Logo of Phnom Penh Post newspaper Phnom Penh Post - Never mind boxing, corrupt education is the problem

Never mind boxing, corrupt education is the problem

Never mind boxing, corrupt education is the problem

Bribery and corruption in kick-boxing (PPPost, October 20) is no worse than it is

in the state education system.

In school, students must buy sweets and cakes from their teachers if they want to

get high scores or avoid their teachers' anger or curses. If the students do not

buy, they will face punishment.

Some teachers shamelessly demand money from students before they being teaching the

lesson because their salaries are low and they cannot support their families.

Some students who have not attended class for the regulation minimum number of days

in a year have to pay money to teachers and school administrators to be able to move

up to a higher class the following year.

Bribery and corruption in education has destroyed the morality and dignity of Cambodia's

teachers, and teaches the younger generation from their infancy that they must submit

to corruption and bribery if they want to survive.

Students show "respect" for their teachers not from their hearts but because

they are afraid for their scores.

Foreign universities that offer scholarships to Cambodian students always require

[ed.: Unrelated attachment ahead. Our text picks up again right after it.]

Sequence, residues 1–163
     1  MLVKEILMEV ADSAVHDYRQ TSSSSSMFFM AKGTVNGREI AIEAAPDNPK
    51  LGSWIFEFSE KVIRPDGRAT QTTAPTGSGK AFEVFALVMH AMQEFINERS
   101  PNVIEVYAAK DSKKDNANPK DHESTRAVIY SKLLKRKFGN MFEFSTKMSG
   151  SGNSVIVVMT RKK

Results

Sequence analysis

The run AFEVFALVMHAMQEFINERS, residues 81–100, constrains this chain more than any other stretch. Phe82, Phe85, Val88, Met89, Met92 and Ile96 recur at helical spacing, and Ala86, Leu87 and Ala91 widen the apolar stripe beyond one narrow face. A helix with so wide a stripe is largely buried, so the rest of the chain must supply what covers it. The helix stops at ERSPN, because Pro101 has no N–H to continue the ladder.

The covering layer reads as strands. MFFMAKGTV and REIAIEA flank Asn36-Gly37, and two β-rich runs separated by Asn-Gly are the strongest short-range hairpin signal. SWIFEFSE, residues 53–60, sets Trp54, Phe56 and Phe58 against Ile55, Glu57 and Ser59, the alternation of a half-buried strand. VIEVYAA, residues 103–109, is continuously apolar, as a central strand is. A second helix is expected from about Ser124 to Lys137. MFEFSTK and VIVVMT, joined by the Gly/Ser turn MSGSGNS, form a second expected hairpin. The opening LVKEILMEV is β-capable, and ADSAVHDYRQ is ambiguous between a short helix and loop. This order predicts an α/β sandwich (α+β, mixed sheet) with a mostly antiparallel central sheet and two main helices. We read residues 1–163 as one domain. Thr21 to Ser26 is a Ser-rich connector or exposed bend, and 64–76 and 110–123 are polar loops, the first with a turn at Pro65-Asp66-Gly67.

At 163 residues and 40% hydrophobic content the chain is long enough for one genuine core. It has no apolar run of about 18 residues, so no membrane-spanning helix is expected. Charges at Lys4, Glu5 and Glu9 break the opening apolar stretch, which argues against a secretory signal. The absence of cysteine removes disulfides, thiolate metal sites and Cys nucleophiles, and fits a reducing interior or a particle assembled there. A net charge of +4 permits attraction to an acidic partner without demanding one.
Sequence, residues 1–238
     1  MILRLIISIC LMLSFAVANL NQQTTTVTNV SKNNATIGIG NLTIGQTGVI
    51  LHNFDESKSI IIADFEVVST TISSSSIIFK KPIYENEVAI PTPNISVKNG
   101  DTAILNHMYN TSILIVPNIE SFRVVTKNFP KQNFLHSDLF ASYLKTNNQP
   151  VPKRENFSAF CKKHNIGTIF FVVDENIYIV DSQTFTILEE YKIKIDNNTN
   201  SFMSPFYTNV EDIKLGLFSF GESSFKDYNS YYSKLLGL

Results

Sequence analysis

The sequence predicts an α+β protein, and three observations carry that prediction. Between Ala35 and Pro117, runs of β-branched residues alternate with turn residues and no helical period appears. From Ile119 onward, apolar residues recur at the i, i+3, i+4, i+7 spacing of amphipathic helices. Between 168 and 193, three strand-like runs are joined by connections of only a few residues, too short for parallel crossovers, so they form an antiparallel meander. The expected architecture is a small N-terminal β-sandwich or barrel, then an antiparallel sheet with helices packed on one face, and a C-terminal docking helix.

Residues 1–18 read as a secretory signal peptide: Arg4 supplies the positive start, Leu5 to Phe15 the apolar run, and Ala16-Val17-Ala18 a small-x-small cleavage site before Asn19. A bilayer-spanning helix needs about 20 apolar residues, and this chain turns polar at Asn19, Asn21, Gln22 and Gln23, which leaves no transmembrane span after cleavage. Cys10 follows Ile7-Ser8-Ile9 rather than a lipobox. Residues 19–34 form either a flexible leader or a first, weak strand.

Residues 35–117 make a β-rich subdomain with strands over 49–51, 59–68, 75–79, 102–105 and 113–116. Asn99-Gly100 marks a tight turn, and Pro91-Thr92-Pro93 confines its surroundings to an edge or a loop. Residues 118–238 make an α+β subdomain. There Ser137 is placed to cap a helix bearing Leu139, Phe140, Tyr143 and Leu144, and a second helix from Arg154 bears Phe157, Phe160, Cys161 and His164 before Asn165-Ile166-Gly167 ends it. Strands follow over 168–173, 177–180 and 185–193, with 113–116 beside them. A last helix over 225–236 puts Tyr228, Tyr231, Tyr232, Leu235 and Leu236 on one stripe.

evidence of their scores and study records. Rich students pay school administrators

to write new records and thus get high scores for study records; poor students with

inadequate attendance records because they have had to help their families have no

chance to continue their study abroad, even if they have the capacity. Surely this

is unjust.

I would like to think that teachers have not wilfully descended into corruption,

but have been forced into this way of life by their empty stomachs.

Recently the government increased teachers' salaries, but they are still low. The

government is trying to discourage teachers from teaching their private classes during

state working hours, but the increased salaries still do not afford teachers an adequate

living standard, so inevitably corrupt practices continue.

I hope that eventually salaries in the education sector will be sufficiently improved

so that teachers will not need to sell sweets and cakes, or demand money from students

before beginning lessons, or sell students copies of the answers to monthly tests.

In kickboxing, if a boxer is corrupt and takes bribes and the spectators become aware

of it, they will hit him and shout curses at him and throw bottles at him.

I do not want to hear of corruption or bribery - in kickboxing or education

or any other sector - because bribery destroys the morality of humanity and teaches

people a culture of habitual corruption. This makes society unstable and full of

injustice and forces the people to sleep in a nightmare.

Heng Long, Phnom Penh

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